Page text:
CPA and blogger Angela Williams brings us another instalment in her series on accounting for food bloggers. Income, expenses, doing your taxes … they can all send shivers down the spine of even the most experienced cook or restaurant reviewer. But Angela breaks it down and shows us that bookkeeping for your food blog doesn’t have to be hard at all! Today she shares a tutorial on filing your taxes.
I’ve received a number of questions on personal taxes, related to how to do your taxes, what programs to use, et cetera. I thought the best approach would be to walk through using SimpleTax. (No affiliation — I just like them because they’re Canadian and online, use NETFILE, and payment is by donation).
This tutorial covers the most common scenarios, but in no way covers all the possible personal tax situations. I’ve included a tutorial for the situations below:
- Medical expenses
- Monthly bus pass
- Self-employment income (here’s a link to the sample I used in the video)
- Student loan payments
SimpleTax also requires you to know the forms you need, as the setup isn’t interview-based like other tax programs. As you’ll see in the tutorial, if you don’t know the form number, you can search for what you need.
The basic premise (with the exception of self-employment income) is taking the information from the box on the tax slip received and inputting it into the corresponding box within the tax software. For real, it’s that simple.
When it comes to inputting your self-employment income, be sure you’ve updated the spreadsheet that you’ve used to track your income and expenses. You’ll also want information related to your home (head here for a downloadable spreadsheet) so you can include that in the calculation.
Finally, if you’ve made any larger purchases (think camera or laptop) for your business in 2016, have those receipts handy and you’ll see how we enter those in the video. I didn’t spend a ton of time explaining capital cost allowance (CCA), so if you’re confused or uncertain, please don’t hesitate to reach out to me.
All set? Great! Hit play, feel free to pause when needed, and scroll down for a summary of what we did. If you have questions, feel free to leave a comment or send me an email. I did my best to touch on most things, but every tax situation in unique, so if you have something not covered here, I’m happy to help.
In the video, I didn’t cover all the types of forms you may need, so here are a few you might want to be aware of in your tax situation.
- TFSA — Tax Free Savings Account. If you make contributions to a TFSA you need to report them on your taxes. Just search “TFSA” in SimpleTax.
- T3 — Trust Allocations. If you’ve received a T3 slip in the mail, this is where you enter it. Search “T3” for the form.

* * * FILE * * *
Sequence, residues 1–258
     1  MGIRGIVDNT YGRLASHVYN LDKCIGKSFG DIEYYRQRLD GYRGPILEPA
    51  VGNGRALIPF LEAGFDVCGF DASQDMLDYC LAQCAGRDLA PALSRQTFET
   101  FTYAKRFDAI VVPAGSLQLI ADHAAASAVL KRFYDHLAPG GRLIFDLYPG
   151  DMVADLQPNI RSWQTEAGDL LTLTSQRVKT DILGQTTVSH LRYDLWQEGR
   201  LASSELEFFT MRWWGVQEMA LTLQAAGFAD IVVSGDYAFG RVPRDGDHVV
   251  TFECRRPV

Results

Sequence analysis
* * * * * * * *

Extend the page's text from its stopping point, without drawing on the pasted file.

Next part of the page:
- T5 — Statement of Investment Income. This is income related to investment holdings that are not in a tax shelter (e.g., RRSP). Search “T5” for the form.
- T2202A — Tuition, Education and Textbook Amounts. Just search “Tuition” for the form.
- Donations and Gifts. This is for those made to a registered charity (note that it must be a registered charity and you must receive an official tax receipt. Search “Donations” for the form.
- T4E — Employment Insurance amounts. If you were unemployed or on leave and received employment insurance (EI), this must be reported on your return. You can find this by searching “Employment Insurance” or “T4E.”
- Tips, Royalties, Occasional Earnings. If you have been hired as a casual worker, or work in a field where you receive tips on top of your wage, you will report those amounts here if they haven’t been included on a T4 slip or elsewhere. Find by searching “Tips.”
- Make sure you have all of your tax slips and the self-employment spreadsheet organized before starting.
- To find the forms you need, just search the name of the tax slip you’ve received. If you have a T4, search T4 and enter the information there.
- If you haven’t already, make sure you sign up for the CRA My Account.
- If you have questions, or aren’t sure, don’t guess. Feel free to send me an email and I’ll happily answer any questions you may have.
In the meantime what are your burning tax and accounting questions? My goal is to make taxes and accounting less scary for you, so you can help me by telling me what you’re struggling with. Leave a comment below and let us know!
- Accounting for Food Bloggers: What Counts as Income?
- Accounting for Food Bloggers: When & What You Should Expense
- Accounting for Food Bloggers: Tracking Income & Expenses
Accounting for Food Bloggers is written by Angela Williams, a CPA CA registered in the province of Alberta. During the day, Angela works for an oil and gas company in Calgary and in the evenings you can find her running the river pathways or relaxing with her two cats, Merlin and Charlie. Angela also writes and manages two blogs, Cowgirl Runs and Accounting for Bloggers. You can find her on social media as well, at Instagram, Twitter here and here, and Facebook here and here.